Almost as soon as we had anchored, some Kuna paddled out in their canoes to the boat selling lobster and Molas. We had a good feed of lobster and potatoes that night. In the morning a Kuna woman paddled out again selling traditional Kuna bread, which is flat and delicious. A Kuna family also came to the boat asking us for caramello, chocolate and if we could charge their cell phones. They are living these secluded, traditional lives but they have cell phones!

Kuna Fisherboy

Kuna Fisherboy

That day we set sail for the Eastern Holandes Cays. We had a good North- Westerly wind and nearly got all the way there on one tack.  As we came in to anchor, a Kuna man was holding up a pretty decent sized fish, calling out to us and laughing. I think he was pretty proud of his catch.

The San Blas

Posted in Uncategorized on August 27, 2009 by issycf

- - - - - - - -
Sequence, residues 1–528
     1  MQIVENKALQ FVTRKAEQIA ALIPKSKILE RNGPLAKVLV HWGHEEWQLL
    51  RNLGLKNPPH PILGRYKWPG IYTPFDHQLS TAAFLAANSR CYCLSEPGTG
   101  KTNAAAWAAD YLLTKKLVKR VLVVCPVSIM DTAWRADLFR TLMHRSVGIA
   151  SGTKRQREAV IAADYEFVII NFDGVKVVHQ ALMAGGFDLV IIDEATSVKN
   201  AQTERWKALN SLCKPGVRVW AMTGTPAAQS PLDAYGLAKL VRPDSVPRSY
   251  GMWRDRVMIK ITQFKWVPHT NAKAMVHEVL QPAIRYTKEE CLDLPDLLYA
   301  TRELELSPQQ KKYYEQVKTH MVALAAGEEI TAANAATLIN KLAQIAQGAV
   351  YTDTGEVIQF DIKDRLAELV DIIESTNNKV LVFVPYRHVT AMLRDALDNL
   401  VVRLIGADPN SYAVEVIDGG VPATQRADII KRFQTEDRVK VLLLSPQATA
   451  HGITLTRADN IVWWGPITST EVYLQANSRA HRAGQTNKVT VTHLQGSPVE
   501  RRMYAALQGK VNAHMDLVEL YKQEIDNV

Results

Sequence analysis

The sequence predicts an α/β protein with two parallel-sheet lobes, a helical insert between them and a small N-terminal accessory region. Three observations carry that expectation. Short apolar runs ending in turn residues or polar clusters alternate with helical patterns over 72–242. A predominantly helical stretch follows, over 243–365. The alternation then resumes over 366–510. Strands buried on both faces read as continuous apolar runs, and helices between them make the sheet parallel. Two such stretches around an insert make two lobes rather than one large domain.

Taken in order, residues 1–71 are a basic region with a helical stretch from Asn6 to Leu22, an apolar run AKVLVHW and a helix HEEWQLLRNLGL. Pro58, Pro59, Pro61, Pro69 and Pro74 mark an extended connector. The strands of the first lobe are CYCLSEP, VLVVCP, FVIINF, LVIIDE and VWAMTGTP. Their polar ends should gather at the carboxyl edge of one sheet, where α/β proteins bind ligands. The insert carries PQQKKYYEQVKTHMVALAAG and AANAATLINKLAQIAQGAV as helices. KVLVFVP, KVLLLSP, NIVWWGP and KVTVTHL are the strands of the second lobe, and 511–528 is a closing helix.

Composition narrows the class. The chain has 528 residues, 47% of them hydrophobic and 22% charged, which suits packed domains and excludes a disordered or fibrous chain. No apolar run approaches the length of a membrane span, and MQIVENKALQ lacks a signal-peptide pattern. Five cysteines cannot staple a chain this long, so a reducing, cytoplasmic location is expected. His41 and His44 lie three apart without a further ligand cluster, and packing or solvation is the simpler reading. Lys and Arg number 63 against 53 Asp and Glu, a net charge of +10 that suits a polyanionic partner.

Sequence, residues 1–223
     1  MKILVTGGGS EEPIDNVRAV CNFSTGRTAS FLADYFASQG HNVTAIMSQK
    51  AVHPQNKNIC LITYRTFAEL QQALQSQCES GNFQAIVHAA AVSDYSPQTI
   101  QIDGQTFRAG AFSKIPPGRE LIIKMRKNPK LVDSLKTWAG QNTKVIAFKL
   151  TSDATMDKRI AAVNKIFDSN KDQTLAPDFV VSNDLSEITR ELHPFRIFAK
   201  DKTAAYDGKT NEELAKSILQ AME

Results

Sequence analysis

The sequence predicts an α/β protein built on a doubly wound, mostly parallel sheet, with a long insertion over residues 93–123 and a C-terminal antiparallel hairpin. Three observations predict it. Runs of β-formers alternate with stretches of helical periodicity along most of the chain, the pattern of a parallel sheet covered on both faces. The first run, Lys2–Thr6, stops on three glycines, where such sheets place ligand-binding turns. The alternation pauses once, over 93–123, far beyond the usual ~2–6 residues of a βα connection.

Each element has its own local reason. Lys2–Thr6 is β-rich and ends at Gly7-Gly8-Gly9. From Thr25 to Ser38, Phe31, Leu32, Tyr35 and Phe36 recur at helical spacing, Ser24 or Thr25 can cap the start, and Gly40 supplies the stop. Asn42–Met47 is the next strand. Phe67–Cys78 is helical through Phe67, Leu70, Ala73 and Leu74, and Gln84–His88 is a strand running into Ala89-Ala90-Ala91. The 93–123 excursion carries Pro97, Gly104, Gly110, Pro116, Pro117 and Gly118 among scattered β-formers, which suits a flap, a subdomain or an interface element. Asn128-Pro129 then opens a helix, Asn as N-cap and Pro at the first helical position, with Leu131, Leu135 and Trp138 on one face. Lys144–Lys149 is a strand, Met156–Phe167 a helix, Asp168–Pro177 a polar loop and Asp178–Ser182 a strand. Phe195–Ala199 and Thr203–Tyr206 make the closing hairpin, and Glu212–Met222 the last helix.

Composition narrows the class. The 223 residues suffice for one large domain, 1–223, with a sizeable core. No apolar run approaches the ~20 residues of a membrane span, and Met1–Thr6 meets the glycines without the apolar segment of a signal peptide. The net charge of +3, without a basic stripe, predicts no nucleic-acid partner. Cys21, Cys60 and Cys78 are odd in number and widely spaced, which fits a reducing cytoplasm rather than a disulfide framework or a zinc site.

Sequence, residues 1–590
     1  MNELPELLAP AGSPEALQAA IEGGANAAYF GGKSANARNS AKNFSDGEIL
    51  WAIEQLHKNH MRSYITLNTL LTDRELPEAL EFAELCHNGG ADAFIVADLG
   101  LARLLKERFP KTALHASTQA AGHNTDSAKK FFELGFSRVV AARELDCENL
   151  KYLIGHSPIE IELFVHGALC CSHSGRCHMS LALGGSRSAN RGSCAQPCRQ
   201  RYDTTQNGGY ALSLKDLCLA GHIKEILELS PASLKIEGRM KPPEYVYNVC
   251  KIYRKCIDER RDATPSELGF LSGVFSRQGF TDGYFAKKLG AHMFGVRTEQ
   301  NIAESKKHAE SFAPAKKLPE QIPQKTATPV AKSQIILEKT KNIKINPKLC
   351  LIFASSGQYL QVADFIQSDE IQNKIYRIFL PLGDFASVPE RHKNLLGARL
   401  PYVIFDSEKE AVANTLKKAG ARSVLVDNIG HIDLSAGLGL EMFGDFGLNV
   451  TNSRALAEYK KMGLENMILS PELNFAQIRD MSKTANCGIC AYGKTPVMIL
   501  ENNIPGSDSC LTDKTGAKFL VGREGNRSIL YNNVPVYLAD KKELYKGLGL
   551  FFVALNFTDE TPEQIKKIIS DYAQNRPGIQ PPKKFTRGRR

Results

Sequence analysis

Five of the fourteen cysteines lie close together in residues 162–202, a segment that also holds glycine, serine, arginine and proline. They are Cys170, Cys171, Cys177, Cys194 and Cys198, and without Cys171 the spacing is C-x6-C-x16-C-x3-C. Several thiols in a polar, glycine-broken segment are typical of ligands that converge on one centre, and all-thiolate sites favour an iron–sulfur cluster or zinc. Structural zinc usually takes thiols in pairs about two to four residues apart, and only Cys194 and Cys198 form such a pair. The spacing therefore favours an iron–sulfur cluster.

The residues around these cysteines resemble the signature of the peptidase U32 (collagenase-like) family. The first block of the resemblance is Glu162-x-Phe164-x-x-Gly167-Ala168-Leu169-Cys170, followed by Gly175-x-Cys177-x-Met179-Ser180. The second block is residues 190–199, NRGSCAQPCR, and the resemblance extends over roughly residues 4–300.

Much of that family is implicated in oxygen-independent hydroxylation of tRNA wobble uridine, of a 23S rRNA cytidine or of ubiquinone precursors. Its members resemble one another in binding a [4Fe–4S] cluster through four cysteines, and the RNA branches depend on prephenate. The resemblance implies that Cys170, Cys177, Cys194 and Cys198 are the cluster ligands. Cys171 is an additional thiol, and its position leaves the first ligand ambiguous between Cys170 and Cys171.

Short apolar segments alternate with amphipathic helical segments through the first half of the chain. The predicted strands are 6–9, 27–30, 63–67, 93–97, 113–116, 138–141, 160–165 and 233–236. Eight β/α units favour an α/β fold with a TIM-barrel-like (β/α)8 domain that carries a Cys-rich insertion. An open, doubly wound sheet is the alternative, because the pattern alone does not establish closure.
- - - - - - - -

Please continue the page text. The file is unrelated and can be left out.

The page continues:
Uchutupu Pippi

The San Blas is an archipelago of around 364 islands which stretches over 120 miles from Golfo de San Blas to Tiburon on the border of Colombia. The islands are inhabited by the Kuna, the indigenous people of Panama. They call the islands Kuna Yala, which means ‘Kuna Land’. The Kuna make their living fishing and selling Molas, which are their traditional embroideries. Coconut and lobster exports also provide income, there was a freighter called Medio Million which came to a port near the San Blas, each time to fill with half a million coconuts.

In 1925, after attacks from the Panamanians, the Kuna made an attack on the Panamanian government and killed many police officials. To prevent an extermination of the whole Kuna people, the U.S. government stepped in and through a series of negotiations persuaded the Panamanian government otherwise. Today the Kuna live independently of Panama with their own economic system and laws, the women still wearing their traditional dress of colourful beads around their arms and legs.